Home is where the heart is and where most people prefer to spend their final days. According to The Conversation Project, 70% of those surveyed want to die at home. In addition to being the most private setting, this option also allows family, friends, and others to visit easily and whenever the timing is best, which may provide comfort.
Services like hospice care, skilled nursing care and personal care (for example, for bathing or toileting) and special equipment like a hospital bed can usually be brought to the home setting. Other things to keep in mind when preparing or selecting end-of-life at home include:
When home is not an option
Sometimes it is not possible or safe to send a person home for end-of-life care. In those cases, the options are the hospital or a nursing home or other care facility.
Many people spend the last years of their lives visiting medical centers and hospitals. The Centers for Disease Control and Prevention (CDC) reports that a little over 35% of people in the U.S. die in a hospital. When the hospital is the location at the end of life, remember:
In nursing homes or other group living settings
Just under 30% of people die in a nursing home, long-term-care, or other facility based on CDC analysis. For example, some people are discharged from a hospital to a nursing home. These communities provide a wide range of services, including nursing services, meals and rehabilitation. If selecting a facility for end–of life care, keep in mind that:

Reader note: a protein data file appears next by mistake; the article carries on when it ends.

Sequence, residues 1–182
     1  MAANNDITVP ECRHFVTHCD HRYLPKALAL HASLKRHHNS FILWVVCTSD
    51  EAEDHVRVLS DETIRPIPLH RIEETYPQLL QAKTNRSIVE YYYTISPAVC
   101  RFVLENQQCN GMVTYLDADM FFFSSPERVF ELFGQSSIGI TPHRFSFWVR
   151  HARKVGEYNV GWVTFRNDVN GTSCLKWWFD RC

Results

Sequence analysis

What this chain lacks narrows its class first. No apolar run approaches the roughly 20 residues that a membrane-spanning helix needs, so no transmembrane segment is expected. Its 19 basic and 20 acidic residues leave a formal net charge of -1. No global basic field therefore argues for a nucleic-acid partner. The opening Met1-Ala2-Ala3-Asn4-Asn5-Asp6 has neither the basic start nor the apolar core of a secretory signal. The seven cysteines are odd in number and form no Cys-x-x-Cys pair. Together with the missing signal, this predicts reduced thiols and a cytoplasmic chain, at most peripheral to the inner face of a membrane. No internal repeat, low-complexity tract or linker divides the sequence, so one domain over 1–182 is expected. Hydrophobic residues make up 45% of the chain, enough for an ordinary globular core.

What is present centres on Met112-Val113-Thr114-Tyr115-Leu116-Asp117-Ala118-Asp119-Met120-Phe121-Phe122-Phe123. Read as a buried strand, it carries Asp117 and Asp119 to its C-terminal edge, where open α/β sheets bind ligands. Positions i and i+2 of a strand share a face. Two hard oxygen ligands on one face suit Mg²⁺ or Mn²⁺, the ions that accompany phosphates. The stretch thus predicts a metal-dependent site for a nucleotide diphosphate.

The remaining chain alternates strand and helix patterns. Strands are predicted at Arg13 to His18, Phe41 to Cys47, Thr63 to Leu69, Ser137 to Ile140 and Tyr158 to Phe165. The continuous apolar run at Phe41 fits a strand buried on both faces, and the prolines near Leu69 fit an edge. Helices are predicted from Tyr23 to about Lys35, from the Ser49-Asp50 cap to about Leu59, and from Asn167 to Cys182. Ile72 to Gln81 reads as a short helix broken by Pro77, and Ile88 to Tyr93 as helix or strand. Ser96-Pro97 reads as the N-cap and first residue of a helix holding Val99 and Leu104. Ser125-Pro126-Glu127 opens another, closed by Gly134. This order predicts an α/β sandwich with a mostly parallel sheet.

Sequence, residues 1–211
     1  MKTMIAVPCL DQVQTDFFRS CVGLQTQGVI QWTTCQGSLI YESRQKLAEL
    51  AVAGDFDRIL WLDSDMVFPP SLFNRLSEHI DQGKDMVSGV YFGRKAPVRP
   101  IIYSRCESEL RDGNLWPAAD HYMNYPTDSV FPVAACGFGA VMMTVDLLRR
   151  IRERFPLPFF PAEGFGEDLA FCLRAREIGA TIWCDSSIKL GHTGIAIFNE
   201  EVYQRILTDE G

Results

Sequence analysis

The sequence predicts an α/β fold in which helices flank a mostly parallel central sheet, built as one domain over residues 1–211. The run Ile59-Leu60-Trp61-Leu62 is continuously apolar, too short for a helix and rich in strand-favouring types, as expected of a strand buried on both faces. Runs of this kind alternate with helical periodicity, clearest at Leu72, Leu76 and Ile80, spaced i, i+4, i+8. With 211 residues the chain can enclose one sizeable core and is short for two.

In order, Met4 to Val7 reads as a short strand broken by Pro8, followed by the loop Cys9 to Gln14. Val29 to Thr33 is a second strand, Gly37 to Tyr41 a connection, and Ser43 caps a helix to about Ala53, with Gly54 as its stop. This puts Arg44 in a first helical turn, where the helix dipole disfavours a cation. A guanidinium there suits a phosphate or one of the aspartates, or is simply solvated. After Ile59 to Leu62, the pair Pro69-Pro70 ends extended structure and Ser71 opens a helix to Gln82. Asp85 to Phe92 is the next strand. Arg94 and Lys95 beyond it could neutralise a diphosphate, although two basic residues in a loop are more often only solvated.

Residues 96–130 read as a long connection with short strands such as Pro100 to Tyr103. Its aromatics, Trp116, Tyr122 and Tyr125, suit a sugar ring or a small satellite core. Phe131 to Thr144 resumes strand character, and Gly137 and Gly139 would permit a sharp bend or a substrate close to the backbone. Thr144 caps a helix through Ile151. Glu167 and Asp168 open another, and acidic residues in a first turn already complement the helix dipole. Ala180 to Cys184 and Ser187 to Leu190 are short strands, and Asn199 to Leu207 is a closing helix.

Care staff are always present. A doctor may not be on site but available when needed. Also, a hospice team can work with facility staff to provide comfort care and spiritual support at the end of life.
Relationships with staff can make the care feel more personalized than in the hospital.
Put your wishes in writing
All settings for end-of-life care have benefits and challenges. The best course of action is to think about where you would want to be, include that in your advance care plan or advance directive, and share that information with your family and health care providers. That way, whatever the circumstances, those who care for and about you can honor your preferences as much as possible.